What Is Psychological Distress? | Symptoms & Treatment
“We are never devoid of distresses; our peace of mind depends on our heart’s way of accepting the strife” – Munia Khan
When you feel or experience feelings of vulnerability, fear, confusion, or trouble, it can be referred to as psychological distress or mental distress. While it is normal to feel overwhelmed, fatigued, and tired now and then, psychological distress occurs when what you feel is intense and more profound.
Experiencing symptoms of psychological distress, however, does not mean that you might have a mental health disorder. Feeling psychological distress can be overwhelming but with some help from professional therapists and counselors, you can overcome its long-term effects.
When someone experiences psychological distress, their causes of stress can hugely affect their symptoms. For example; if you’re going through a job loss, you may feel frustrated, anxious, angry, and uncertain about your future. While it may not affect your mental health greatly, it can affect how you function in your day-to-day life.
Psychological Distress: Symptoms
The symptoms of psychological distress can vary from person to person. An example; if you and a friend of you were in an accident, then one of you may experience a fear of riding in a car again whereas the other might feel something else entirely.
Some of the symptoms of psychological distress can however be:
- Feeling angry
- Having obsessive thoughts or compulsions
- Experiencing phantom physical symptoms
- Feeling of anhedonia
- Experiencing hallucinations or delusions
- Having impulsive or reckless behavior
Some of the most common or obvious signs of mental distress can be:
If the symptoms of psychological distress become intense, it is recommended you seek professional help as soon as possible.
If you want to learn how to manage the symptoms of psychological distress, then first you need to identify your stressors. Some of the factors causing you distress can include:
- Changes in relationships
- Changes in career/jobs
- Major lifestyle changes
- Experiencing traumatic injury
- History of trauma
How To Overcome Psychological Distress
Unchecked psychological distress can affect a person’s overall well-being but there are some self-help ways you can do to manage the distress. You can try:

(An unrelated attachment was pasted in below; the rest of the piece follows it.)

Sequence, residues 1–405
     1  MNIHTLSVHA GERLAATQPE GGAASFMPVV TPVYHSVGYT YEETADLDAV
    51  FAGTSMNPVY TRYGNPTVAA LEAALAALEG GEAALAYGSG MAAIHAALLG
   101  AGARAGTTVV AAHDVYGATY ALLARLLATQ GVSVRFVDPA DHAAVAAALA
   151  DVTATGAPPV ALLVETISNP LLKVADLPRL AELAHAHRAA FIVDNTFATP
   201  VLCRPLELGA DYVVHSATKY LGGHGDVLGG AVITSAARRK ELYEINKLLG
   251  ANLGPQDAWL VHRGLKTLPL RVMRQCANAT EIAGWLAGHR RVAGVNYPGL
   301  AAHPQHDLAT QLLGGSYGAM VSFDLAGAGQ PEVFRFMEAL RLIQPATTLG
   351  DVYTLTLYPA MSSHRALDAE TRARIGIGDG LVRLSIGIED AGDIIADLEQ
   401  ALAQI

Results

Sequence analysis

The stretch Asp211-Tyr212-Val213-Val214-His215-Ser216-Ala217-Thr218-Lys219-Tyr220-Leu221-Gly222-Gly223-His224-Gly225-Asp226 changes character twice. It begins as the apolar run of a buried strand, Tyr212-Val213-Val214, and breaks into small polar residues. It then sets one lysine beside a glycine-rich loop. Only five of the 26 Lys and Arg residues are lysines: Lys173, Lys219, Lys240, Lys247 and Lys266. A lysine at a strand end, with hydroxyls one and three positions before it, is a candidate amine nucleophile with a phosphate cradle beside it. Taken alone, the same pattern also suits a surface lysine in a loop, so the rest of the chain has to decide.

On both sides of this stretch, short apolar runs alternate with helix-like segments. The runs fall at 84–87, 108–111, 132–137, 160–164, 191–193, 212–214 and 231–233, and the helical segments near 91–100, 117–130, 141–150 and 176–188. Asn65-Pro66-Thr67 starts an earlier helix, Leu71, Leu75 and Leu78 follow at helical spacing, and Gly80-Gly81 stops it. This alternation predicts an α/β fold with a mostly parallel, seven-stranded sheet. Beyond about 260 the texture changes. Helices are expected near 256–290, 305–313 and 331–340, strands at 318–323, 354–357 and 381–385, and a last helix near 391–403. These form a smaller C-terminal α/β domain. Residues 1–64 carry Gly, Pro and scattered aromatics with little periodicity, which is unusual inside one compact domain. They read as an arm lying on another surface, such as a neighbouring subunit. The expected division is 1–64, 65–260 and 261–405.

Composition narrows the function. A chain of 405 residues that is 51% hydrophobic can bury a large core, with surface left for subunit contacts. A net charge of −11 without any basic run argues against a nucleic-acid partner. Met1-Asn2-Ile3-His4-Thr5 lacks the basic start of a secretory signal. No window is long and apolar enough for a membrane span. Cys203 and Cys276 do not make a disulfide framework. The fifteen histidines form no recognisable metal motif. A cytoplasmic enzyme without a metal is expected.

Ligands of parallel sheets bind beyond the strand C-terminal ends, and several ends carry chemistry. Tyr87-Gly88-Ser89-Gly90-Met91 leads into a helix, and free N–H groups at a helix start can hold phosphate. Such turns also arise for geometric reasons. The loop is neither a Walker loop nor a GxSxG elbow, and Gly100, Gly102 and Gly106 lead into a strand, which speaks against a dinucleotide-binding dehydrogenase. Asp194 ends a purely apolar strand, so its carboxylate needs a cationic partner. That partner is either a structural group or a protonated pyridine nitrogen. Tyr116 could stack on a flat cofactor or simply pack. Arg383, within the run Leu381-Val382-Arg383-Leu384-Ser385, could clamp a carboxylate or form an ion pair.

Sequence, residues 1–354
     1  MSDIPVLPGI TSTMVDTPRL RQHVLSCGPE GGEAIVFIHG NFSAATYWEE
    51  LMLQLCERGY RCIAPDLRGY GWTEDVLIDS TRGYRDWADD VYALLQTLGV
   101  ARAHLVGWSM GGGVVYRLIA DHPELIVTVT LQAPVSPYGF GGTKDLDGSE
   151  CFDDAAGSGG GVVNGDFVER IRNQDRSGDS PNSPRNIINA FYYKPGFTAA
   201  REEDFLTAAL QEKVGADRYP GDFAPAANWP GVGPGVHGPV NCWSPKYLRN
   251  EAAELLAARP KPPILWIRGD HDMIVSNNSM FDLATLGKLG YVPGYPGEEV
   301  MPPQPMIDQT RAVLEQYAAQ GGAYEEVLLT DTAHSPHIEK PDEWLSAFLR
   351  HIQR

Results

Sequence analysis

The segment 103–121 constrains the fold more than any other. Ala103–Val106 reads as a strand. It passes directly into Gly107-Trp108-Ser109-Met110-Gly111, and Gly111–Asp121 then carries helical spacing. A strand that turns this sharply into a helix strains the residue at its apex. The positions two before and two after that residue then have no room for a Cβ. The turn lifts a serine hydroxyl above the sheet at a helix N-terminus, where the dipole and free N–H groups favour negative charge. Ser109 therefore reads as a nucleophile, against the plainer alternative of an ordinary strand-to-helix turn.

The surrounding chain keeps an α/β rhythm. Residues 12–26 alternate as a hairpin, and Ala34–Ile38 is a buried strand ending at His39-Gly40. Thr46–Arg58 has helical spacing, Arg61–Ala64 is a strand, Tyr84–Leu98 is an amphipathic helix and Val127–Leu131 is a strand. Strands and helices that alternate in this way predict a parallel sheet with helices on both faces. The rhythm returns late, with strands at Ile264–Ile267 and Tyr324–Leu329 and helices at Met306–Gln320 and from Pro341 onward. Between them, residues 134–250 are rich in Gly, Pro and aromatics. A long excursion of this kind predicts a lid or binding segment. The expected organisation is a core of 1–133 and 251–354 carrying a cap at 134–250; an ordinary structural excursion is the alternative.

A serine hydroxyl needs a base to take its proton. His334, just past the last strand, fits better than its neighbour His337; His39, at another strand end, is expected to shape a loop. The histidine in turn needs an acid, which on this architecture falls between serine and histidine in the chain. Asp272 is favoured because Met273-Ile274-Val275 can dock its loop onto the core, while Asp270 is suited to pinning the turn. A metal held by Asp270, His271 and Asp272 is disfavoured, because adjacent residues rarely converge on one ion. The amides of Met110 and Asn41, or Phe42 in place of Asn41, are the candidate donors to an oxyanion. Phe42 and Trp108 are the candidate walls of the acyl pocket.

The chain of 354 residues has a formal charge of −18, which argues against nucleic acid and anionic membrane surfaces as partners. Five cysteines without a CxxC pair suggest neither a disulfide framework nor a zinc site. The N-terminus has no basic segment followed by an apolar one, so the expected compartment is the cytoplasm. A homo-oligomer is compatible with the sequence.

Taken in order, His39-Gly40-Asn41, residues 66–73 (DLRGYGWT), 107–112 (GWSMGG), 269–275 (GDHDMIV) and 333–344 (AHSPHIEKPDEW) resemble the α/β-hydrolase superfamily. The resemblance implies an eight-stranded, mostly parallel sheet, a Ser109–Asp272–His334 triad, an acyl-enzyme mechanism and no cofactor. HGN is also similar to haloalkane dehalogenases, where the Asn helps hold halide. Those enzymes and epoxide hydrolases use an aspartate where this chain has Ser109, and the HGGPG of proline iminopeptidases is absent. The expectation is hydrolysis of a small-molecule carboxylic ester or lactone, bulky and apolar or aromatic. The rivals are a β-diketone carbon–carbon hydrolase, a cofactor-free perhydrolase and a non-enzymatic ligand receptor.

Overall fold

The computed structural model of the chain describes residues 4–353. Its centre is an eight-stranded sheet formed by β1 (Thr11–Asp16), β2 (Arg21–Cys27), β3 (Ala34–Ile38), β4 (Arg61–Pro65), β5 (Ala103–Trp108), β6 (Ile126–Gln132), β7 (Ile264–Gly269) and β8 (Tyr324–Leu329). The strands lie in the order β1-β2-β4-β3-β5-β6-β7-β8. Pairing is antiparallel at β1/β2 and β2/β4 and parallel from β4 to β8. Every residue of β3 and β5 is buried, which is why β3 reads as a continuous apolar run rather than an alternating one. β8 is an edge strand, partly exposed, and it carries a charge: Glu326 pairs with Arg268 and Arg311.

1. Physical Exercising
One of the benefits of physical exercise is that it can help improve your psychological as well as physical health. Exercising can help release endorphins, our body’s natural pain killer. Endorphins can help reduce stress and improve our mood.
2. Getting Proper Rest
Not getting proper rest can result in sleep deprivation and can increase your anxiety and distress. Getting at least 6-8 hours of good sleep can help your body and mind reboot which can help with your psychological growth and development. Balancing your physical exertion with enough rest is important to keep your stress levels low and to improve your overall health.
3. Maintaining A Healthy Diet
The lack of a healthy well-balanced diet can contribute to your psychological distress instead of helping you. There are some foods and diets that can help you improve your mood or regulate the symptoms of depression whereas some foods and diets can harm your mental health.
4. Writing In A Journal
I believe that writing down your thoughts in a journal can help release the frustration and worries. Penning your thoughts and feelings on paper can help you feel in control and can also help you identify your stressors.
If you see a recurring pattern in your thoughts and actions and if they seem severe and are affecting your daily life, then it is recommended that you seek professional help.
Psychological distress can be quite frustrating and can feel overwhelming but with the help of the above-mentioned tips, you can learn to manage the symptoms on your own. If you need professional therapists or counselors, you can always contact us at firstname.lastname@example.org
You are important so take care of yourself!